States began updating their public health laws after the anthrax attacks on the East Coast during the fall of 2001 killed five people and prompted thousands of postal workers and Capitol Hill staffers to line up for antibiotics.

"There was enormous pressure to pass something," says John Hawkins, a Republican state senator in South Carolina, which updated its public health laws last year. "Everybody in the General Assembly was saying, 'We need to do something.' "

But Annas says the changes are unnecessary because people will cooperate with government in a crisis. "The problem is not going to be forcing them to take medication ... (it's) going to be making sure there's an adequate drug supply."

Civil libertarians and conservative groups such as the Eagle Forum have opposed the new laws because of the emergency powers given to little-known state and local officials. They worry that politically appointed public health officials who often are not doctors could be swayed into ordering mass quarantines or vaccinations with unproven medicines.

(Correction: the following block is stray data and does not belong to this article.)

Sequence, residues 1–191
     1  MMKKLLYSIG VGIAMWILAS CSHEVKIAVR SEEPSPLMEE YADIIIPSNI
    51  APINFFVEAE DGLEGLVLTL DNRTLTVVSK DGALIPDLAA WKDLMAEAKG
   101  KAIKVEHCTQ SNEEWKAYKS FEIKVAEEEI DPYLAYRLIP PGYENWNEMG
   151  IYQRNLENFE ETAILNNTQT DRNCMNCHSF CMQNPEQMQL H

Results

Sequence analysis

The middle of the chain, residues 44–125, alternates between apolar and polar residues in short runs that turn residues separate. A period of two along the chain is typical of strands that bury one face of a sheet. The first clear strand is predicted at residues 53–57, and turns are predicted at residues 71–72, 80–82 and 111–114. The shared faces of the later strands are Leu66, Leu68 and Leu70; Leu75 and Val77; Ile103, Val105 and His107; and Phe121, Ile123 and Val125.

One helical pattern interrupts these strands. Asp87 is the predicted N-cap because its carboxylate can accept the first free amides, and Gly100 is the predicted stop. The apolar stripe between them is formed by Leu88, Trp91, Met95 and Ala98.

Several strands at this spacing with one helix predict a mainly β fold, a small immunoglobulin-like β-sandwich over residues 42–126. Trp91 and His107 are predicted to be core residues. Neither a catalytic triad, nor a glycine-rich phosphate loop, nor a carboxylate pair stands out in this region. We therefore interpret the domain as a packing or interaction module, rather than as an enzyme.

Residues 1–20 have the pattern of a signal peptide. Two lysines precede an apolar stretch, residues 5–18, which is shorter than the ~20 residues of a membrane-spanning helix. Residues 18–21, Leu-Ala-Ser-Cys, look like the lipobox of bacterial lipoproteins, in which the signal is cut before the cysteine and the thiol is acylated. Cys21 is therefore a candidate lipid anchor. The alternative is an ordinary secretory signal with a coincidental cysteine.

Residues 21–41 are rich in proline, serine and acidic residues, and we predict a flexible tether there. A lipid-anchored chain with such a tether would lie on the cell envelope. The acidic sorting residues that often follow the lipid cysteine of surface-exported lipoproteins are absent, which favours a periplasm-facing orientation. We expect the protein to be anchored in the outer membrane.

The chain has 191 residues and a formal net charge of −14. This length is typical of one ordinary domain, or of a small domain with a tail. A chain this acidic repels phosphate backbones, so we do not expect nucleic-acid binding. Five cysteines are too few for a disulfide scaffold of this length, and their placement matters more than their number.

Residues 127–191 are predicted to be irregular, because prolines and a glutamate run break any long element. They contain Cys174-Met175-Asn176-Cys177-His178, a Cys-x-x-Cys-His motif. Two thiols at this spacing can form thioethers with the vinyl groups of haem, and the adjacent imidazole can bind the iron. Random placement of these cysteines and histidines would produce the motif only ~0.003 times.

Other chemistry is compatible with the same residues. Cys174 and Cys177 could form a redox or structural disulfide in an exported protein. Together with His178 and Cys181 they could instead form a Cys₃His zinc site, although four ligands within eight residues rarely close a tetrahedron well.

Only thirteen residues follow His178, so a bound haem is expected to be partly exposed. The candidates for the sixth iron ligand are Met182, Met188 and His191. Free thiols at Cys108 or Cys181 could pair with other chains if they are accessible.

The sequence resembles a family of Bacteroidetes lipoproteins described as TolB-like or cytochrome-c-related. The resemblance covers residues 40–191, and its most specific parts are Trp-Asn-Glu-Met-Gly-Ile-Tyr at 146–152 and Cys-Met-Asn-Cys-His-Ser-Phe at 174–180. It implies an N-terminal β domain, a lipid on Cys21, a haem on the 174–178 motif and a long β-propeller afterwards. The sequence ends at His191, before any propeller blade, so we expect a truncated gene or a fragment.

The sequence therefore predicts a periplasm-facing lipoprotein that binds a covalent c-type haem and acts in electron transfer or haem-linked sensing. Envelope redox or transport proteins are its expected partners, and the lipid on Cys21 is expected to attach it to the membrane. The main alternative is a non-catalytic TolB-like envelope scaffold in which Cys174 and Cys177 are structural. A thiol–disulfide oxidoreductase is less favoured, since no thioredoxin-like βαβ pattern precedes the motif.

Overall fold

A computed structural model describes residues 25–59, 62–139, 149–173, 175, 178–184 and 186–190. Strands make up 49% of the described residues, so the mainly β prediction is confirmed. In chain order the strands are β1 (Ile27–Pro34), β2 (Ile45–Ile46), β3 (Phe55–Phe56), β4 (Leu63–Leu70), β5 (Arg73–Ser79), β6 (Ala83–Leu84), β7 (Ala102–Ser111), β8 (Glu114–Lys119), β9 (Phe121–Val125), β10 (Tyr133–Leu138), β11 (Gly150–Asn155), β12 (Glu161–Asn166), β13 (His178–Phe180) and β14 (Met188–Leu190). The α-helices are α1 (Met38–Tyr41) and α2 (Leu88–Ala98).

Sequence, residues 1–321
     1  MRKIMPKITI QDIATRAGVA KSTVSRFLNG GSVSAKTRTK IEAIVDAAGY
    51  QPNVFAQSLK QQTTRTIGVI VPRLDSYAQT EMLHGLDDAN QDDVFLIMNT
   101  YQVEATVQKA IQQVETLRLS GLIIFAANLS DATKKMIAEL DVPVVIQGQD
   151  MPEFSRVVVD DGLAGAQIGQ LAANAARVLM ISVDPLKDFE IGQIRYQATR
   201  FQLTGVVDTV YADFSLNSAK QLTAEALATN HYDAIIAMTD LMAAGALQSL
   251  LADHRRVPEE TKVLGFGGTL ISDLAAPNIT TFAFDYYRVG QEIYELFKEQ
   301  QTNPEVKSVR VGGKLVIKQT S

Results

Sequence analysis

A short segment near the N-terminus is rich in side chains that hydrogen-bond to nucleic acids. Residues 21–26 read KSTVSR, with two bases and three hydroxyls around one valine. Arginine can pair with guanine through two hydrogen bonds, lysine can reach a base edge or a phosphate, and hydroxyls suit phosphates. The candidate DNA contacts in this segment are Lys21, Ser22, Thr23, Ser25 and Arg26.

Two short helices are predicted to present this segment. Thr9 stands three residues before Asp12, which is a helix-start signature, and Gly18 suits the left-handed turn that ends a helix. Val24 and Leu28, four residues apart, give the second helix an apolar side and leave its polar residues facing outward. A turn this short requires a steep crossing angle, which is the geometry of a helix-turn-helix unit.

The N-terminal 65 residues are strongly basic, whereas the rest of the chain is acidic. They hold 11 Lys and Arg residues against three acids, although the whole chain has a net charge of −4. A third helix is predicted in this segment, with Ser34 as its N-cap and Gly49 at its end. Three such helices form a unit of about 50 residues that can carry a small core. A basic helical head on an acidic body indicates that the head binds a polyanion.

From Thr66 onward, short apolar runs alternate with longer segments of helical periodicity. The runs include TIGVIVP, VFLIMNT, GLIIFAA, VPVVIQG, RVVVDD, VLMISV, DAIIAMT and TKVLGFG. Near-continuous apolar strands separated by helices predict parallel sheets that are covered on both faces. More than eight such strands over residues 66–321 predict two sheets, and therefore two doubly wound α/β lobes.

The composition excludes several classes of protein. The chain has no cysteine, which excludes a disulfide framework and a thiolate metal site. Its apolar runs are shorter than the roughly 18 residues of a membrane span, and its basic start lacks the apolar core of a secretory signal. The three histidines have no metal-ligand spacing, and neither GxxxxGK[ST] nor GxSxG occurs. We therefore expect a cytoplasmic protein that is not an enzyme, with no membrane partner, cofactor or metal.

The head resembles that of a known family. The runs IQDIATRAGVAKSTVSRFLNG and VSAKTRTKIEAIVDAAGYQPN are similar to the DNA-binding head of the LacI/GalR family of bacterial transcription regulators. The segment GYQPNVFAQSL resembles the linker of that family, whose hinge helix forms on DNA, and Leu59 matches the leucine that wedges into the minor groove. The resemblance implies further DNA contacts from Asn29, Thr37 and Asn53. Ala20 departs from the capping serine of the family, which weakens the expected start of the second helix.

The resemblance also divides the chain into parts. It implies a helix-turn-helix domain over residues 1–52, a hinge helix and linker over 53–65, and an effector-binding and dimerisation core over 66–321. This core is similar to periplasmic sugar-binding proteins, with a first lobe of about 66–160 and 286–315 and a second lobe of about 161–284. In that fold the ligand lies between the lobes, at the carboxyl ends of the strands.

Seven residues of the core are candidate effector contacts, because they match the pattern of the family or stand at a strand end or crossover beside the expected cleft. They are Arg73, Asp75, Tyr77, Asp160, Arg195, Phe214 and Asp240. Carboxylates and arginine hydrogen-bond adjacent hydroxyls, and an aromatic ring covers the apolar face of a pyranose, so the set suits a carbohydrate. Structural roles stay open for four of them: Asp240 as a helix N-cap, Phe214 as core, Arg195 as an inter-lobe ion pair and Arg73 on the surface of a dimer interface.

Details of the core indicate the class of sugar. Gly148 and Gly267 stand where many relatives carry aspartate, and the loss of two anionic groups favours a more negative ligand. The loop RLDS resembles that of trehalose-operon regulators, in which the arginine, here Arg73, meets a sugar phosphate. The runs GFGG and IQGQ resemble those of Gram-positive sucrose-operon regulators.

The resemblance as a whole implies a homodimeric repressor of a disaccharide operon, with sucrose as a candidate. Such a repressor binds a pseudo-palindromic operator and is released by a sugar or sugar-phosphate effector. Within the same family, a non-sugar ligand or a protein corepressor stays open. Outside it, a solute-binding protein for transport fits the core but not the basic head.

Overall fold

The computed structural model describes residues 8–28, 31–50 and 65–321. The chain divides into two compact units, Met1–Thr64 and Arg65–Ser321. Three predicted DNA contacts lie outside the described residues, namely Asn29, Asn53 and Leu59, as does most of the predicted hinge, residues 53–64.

"Some public health officials are of varying levels of competence, to put it charitably," says Jane Orient, head of the Association of American Physicians and Surgeons.

Annas says that's why the U.S. government, not the states, should take charge in a crisis. "Bioterrorism is a federal issue," he says. "The FBI, CDC and other federal agencies will be making the decisions."

Orient is concerned that local officials might not distinguish between those who should be placed in "isolation" and those who should be quarantined.

Isolation areas are for people who show signs of infection. Quarantines are for those who might have been exposed to see whether they show symptoms. If the groups are mixed, Orient says, disease could spread to the uninfected.

Gostin agrees that the nation's public health system is "a mess." It "has antiquated laboratories, antiquated (disease) surveillance systems, antiquated data systems and an insufficiently trained workforce," he says.